One of the subtle lookers of the 2020 season was Lee Holdsworth’s Truck Assist Mustang. While it has a new driver for 2021, Jack Le Brocq, not much has changed. It still comes in an oddly distinctive grey, but now gets a larger orange valance and some bright orange wheels. We don’t expect these wheels to make it to the track (and if they do, they’ll be phased out in a short time). But in render form at least, it’s a successful tale of ‘less is more’.
10. Matt Stone Racing No. 34 Jake Kostecki
Remember that love for black and gold? Matt Stone Racing’s proverbial black and gold Unit livery from last year is back with some tweaks. Borrowing the broken up lines from Jake Kostecki’s 2020 Bathurst livery, it looks excellent. We love it when a lesser-funded team designs something that looks like it belongs in the top five, and this is a great example of such. The one caveat? The metallic gold can get a little lost on camera sometimes.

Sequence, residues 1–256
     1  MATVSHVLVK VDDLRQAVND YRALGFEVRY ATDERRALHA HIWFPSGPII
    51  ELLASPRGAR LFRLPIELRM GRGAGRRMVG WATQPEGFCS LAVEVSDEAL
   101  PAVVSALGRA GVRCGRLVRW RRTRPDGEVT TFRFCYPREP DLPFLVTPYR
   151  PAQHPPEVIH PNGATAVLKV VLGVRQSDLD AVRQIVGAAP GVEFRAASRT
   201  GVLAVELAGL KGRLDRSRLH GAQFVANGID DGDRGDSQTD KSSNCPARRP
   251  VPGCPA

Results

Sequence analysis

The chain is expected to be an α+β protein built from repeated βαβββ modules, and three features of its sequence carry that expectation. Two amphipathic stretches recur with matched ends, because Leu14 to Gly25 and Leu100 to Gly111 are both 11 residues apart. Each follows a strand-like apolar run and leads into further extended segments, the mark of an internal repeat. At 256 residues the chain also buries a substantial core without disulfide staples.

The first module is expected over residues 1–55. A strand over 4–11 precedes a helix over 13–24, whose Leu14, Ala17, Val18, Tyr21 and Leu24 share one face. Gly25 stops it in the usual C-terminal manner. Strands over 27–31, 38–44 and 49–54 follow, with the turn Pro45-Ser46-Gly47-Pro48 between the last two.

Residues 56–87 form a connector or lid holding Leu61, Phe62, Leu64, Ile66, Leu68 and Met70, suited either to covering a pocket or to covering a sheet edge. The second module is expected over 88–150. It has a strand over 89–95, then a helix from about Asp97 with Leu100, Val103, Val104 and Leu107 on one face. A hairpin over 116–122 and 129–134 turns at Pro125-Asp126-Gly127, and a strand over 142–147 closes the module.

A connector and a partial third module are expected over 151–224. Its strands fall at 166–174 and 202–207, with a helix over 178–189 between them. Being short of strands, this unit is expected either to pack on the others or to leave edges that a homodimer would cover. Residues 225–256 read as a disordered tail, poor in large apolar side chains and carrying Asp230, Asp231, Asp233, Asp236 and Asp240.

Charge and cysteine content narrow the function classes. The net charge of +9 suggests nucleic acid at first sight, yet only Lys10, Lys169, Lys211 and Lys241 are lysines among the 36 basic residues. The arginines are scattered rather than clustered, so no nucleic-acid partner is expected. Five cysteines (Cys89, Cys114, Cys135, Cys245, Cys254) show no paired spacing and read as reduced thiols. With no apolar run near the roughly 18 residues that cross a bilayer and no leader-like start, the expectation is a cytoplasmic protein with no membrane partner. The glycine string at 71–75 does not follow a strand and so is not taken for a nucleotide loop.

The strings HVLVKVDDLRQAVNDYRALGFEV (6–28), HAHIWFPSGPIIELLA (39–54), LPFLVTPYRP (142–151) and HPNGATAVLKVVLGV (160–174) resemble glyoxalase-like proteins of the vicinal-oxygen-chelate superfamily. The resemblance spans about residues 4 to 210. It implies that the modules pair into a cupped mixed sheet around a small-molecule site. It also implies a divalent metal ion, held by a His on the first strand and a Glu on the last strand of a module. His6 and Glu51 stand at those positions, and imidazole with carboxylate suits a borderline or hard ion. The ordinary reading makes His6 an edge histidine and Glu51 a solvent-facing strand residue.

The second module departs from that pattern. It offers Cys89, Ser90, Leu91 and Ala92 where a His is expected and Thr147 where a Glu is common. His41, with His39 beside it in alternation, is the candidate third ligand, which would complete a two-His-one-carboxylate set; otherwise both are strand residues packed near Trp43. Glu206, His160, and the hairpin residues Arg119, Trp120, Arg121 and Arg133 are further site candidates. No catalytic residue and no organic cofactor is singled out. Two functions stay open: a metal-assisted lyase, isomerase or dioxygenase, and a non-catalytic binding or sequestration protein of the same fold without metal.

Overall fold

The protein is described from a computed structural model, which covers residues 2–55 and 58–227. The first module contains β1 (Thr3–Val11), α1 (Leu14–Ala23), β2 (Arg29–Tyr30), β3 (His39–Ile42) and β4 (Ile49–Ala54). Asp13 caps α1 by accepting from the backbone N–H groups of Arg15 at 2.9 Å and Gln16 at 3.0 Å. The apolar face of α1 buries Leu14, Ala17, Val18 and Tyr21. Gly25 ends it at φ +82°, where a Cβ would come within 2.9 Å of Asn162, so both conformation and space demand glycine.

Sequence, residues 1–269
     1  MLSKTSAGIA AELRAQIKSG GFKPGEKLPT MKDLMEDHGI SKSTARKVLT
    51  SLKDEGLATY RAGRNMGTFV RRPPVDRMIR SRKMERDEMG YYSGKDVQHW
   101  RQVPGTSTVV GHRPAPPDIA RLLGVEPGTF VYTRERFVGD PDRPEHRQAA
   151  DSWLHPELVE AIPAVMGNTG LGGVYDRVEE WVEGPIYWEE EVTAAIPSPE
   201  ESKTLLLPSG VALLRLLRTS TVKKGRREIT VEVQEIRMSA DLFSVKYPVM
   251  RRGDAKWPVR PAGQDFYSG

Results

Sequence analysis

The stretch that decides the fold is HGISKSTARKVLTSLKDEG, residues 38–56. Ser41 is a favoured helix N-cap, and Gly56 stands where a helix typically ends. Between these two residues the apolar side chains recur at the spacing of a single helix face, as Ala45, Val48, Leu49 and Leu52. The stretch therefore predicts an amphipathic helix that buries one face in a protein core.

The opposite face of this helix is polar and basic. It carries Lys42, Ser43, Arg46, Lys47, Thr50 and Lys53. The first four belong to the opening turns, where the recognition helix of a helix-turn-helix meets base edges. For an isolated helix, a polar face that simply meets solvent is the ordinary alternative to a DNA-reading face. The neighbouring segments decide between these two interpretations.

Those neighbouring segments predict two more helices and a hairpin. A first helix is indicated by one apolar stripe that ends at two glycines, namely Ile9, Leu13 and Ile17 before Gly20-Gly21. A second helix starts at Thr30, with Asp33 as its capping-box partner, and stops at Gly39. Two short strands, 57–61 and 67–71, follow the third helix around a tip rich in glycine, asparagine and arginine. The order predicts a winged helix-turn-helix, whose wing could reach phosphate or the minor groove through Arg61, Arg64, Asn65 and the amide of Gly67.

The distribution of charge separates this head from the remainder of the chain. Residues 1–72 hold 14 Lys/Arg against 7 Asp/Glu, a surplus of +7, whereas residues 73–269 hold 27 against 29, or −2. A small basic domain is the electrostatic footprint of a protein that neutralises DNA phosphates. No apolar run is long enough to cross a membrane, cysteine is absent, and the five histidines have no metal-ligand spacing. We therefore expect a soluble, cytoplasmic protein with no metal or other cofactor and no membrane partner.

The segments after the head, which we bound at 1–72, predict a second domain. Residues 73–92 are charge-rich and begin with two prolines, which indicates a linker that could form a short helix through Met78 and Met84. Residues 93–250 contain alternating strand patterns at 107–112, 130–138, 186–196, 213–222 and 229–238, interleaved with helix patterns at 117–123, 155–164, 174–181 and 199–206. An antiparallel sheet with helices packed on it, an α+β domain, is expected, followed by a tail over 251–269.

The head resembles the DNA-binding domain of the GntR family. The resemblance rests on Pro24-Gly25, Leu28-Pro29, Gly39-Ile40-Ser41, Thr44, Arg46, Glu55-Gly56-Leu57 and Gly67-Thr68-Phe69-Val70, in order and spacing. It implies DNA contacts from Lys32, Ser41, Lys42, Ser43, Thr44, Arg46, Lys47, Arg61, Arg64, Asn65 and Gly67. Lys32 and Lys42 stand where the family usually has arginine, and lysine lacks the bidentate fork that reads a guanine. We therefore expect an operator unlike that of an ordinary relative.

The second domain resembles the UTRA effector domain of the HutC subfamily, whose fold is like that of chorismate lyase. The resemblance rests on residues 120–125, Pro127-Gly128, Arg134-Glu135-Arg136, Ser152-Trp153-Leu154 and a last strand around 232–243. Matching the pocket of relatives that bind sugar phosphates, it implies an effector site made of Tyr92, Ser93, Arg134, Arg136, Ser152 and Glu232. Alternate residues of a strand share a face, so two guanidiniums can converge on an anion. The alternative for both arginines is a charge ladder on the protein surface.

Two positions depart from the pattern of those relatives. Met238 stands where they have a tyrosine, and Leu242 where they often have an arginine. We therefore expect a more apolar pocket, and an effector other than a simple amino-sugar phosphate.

9. Brad Jones Racing No. 14 Todd Hazelwood
Brad Jones Racing’s stand-out livery for the season opener is Todd Hazelwood’s Dunlop scheme. Looking like a hybrid of teammate Percat’s past Dunlop liveries and Hazelwood’s Club Cadet Bathurst livery from last year, it’s a handy balance of one dominant colour (yellow), one contrasting colour (black), and one colour to highlight each element (red). Sadly like BJR Dunlop liveries of old, this one is set to be a temporary scheme. Hopefully another camouflage Brut livery is on the way …
8. Tickford Racing No. 6 Cameron Waters
What is there that’s left to say about the Monster livery? Each year I find myself in two minds; a pang of disappointment at the lack of change, and a quiet acknowledgement of Monster’s clear ‘if it ain’t broke’ mentality. Barring the Coke and Red Bull entries, Cameron Waters’ car is probably the most instantly recognisable car on the grid — love it or hate it. Expect this one to fight for the championship, too.